One point I'd like to make as this conversation continues is that
incorporating RDA into the curriculum must go beyond teaching RDA as
rules. The real changes that RDA brings to the table are in the
potential for changes in the DATA we build and share, and that requires
looking at the RDA Vocabularies. The course that Nerissa took with me
was about RDA as data, and we looked at the rules but talked very little
I'm happy to share my syllabus and materials with anyone who wants to
take a look.
On Thu, Feb 10, 2011 at 12:23 PM, Kathryn La Barre <
[log in to unmask]> wrote:
> Greetings. Just a heads up about an interesting thread on RDA-L presently
> about the teaching of RDA in LIS schools. (Reposting one message with
> GSLIS@UIUC is planning an educator's summit (for all instructors at our
> institution) in March to make plans for teaching RDA at GSLIS, and for a
> full discussion of the current curriculum. Marjorie Bloss has told us (on
> the RDA-L) about what Dominican has been doing. I'd love to hear from more
> of you about your plans to incorporate RDA, and how you envision your
> beginning and advanced cataloguing courses. I'm hoping Nerissa joins in the
> discussion here as well.
> I felt like I had to give my two-cents about teaching RDA at MLS/MLIS
> It is interesting to hear that RDA isn't being taught yet at many of these
> programs. I personally think that this is unfortunate, because even if RDA
> is not adopted I think all cataloging students should at least be learning
> the fundamentals so they know why it is even being considered as a
> replacement for AACR2. I can understand why people who have worked in the
> field for many years are 'tired' as Mr. Weinheimer has mentioned. However,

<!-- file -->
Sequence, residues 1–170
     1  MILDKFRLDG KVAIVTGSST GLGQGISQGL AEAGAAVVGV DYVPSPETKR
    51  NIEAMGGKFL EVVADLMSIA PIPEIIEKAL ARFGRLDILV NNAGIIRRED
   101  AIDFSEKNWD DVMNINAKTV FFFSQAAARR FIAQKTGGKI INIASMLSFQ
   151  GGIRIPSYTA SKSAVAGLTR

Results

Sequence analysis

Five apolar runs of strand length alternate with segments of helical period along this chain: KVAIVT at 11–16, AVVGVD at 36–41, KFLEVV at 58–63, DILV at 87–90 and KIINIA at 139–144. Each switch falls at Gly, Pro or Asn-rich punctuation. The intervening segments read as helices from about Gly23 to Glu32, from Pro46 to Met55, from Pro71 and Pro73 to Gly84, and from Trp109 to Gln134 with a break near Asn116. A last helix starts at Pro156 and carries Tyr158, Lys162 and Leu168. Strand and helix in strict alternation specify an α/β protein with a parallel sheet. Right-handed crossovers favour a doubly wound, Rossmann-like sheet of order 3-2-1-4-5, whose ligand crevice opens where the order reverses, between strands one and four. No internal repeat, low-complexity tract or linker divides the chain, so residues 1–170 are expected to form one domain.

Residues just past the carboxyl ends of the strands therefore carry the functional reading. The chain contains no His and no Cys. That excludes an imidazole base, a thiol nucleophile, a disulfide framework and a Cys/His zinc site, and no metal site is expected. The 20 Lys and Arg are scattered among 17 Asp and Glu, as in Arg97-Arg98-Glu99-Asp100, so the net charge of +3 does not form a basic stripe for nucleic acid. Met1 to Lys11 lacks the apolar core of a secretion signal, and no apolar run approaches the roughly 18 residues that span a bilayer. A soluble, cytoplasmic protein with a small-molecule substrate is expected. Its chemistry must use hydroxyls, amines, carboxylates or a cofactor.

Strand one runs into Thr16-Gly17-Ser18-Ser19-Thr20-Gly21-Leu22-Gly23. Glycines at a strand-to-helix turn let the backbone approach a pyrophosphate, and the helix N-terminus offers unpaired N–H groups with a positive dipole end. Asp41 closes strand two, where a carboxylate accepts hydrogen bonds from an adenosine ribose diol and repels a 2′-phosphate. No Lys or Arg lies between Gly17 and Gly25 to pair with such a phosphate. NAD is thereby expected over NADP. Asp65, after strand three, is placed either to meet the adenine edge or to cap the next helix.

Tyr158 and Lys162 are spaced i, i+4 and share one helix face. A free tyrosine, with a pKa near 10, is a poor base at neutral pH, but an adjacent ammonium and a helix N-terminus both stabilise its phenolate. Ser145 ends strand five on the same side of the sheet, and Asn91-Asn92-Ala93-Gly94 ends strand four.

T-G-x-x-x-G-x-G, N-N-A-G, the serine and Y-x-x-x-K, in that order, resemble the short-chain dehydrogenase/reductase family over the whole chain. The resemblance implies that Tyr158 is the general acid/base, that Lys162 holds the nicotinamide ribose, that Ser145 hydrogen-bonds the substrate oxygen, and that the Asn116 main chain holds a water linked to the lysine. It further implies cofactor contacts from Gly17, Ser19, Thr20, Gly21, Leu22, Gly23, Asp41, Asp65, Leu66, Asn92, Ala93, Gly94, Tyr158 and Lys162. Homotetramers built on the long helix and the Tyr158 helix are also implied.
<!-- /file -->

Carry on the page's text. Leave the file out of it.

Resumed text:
> graduates from MLS/MLIS programs are going to be shaping the futures of
> cataloging/metadata departments of all kinds, and I think that educating
> them in RDA is just as important as teaching AACR2. I just finished my MLIS
> in June '10 from the University of Washington, and last spring they offered
> a course called RDA and Metadata taught by Diane Hillman. I gained a lot of
> insight from auditing this course that I wouldn't have otherwise if I stuck
> with just the regular cataloging courses. I see a trend across libraries at
> least in the US where cataloging departments are changing their names to
> things like cataloging and metadata department or just metadata services. I
> even applied for a position with the title: Resource Description and Access
> manager after I had graduated. I have heard stories about libraries who are
> hiring metadata librarians and not planning on replacing their catalogers
> when they retire. I do not feel qualified to state whether I think RDA is
> the best option or not, but I do know that any student hoping to make it in
> this field after they graduate better have at least a solid educational
> foundation about RDA.
> Cataloging Librarian
> Texas A&M International University
> Kathryn La Barre
> Assistant Professor
> Graduate School of Library and Information Science
> University of Illinois at Urbana-Champaign